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A baseball player bats a ball at a speed of 90.0 ft/sec at an angle of 40.0 degrees in an indoor baseball stadium. The roof is 90.0 feet high. What is the total time that the baseball is in the air?

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Because of the symmetry of the problem, the total time of flight will be twice the time it takes for the ball to reach it's highest point. To find this, we need the vertical component of the speed. We get this as shown in the drawing:|dw:1353078314614:dw|So \[v_y=90\sin 40=57.85\]Now we have a one dimensional problem of a ball going up with a speed of 57.85m/s under a constant force of gravity F=-mg Can you take it from here?\[v_f=v_i+at\]Here vf=0, vi=57.85 and a=-9.81. Solve for t. Don't forget to multiply this by two to get the total time of flight.
Watch out for that roof
  • phi
if you stay in feet, the acceleration due to gravity is 32 ft/sec^2

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Other answers:

@phi didn't see that, thanks. I thought everything was in metric...ooops. Yeah, use 32 ft/s...and watch out for the roof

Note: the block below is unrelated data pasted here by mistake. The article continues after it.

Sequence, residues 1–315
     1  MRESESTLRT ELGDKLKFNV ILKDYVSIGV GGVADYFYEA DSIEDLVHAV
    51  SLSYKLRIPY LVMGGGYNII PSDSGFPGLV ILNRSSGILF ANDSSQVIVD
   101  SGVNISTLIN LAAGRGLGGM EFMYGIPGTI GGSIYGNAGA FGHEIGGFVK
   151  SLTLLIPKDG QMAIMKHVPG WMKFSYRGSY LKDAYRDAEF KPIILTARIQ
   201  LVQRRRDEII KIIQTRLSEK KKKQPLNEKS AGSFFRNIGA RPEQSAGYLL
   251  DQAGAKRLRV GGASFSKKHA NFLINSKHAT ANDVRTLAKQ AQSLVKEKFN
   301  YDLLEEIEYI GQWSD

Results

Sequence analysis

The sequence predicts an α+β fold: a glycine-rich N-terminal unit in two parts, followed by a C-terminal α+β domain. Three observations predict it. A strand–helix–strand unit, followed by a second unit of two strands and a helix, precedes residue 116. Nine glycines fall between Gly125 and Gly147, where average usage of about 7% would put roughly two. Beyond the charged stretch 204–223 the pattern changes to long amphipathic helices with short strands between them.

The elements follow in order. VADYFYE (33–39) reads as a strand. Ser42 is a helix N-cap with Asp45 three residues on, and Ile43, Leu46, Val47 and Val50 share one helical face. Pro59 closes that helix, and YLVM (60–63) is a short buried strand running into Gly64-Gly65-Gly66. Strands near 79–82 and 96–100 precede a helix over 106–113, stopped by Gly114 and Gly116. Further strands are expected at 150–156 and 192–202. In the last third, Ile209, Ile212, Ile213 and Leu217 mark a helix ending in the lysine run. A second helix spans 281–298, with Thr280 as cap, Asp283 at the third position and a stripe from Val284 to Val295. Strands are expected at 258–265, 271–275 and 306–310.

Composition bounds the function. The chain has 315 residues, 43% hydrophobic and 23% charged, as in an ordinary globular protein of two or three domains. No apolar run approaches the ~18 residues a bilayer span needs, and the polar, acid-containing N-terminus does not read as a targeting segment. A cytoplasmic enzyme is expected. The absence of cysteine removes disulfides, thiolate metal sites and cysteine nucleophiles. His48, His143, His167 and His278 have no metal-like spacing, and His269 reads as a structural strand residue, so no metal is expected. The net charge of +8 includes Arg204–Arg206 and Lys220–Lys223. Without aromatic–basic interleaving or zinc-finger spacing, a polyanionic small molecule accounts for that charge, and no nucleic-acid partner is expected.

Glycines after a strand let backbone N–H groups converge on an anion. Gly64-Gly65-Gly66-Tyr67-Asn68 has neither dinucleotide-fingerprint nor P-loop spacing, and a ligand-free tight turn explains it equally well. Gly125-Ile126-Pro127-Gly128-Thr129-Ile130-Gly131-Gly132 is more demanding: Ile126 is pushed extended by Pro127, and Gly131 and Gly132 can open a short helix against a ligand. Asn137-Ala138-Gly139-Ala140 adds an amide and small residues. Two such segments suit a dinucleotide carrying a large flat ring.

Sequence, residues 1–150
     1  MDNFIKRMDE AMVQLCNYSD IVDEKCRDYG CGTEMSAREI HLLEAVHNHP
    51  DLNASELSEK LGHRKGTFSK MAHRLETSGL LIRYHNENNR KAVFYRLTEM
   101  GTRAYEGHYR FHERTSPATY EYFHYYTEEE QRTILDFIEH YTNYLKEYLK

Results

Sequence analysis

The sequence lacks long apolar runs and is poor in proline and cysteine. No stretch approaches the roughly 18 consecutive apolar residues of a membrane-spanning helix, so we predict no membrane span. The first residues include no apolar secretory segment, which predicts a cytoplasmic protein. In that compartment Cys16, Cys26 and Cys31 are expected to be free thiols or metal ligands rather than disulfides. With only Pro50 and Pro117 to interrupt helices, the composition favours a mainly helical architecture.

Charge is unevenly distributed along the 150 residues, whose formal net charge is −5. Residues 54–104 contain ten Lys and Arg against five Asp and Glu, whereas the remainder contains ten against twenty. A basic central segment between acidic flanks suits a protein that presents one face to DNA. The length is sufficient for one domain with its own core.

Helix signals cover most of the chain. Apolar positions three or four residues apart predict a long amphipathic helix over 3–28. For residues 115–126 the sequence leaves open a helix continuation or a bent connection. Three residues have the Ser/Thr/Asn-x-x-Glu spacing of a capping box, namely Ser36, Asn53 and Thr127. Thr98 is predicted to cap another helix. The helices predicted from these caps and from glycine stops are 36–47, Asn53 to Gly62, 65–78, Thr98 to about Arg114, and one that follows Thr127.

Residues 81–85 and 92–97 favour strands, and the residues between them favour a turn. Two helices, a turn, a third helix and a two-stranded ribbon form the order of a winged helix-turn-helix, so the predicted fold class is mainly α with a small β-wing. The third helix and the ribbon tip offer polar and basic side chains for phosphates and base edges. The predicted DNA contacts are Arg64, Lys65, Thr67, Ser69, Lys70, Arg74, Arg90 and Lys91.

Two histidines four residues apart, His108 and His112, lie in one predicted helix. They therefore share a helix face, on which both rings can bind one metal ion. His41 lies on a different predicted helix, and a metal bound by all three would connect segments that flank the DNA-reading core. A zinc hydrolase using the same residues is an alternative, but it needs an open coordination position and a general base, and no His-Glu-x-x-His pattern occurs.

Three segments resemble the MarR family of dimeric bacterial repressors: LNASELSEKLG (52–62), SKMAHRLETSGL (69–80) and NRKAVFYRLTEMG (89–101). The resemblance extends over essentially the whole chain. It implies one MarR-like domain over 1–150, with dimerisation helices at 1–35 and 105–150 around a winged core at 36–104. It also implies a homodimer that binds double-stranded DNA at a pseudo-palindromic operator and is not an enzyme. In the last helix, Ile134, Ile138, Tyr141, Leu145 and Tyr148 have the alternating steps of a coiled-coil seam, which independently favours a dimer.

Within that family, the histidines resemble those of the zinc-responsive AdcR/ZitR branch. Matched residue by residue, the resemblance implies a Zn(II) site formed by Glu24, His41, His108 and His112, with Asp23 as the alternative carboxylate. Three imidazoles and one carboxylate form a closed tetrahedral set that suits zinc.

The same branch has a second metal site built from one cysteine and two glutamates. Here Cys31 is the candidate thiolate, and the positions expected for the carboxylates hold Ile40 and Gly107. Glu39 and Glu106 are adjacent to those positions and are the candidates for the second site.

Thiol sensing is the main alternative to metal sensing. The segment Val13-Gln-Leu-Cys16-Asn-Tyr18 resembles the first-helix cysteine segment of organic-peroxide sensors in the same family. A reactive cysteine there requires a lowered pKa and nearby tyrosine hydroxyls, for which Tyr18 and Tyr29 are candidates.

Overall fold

I calculated the maximum height to be around 50 something ft... Is it higher? Cause you guys are talking about watching out for the roof...
  • phi
I think the roof is high enough.
  • phi
If you thought the 90 ft/sec were straight up, you could hit the roof, but that is not what is going on here.
I do have to calculate the height when y=0 (which is at the pinnacle of the parabola)... Basically just the highest point the ball ever goes
What equation should I use to find the max height?
  • phi
eseidl 's write up shows how to find t, the time it takes the ball to slow down to 0 (in the vertical direction) That is the fastest way to the answer. just double that t to get the total time in the air
  • phi
If you want distance (you don't need it here) \[ s = v_0 t + \frac{1}{2} g t^2 \] where g is -32 ft/sec^2 and v0 is 90 sin(40)
@pathosdebater yeah 50 something is what I got for max height as well so the roof won't interfere with the balls trajectory

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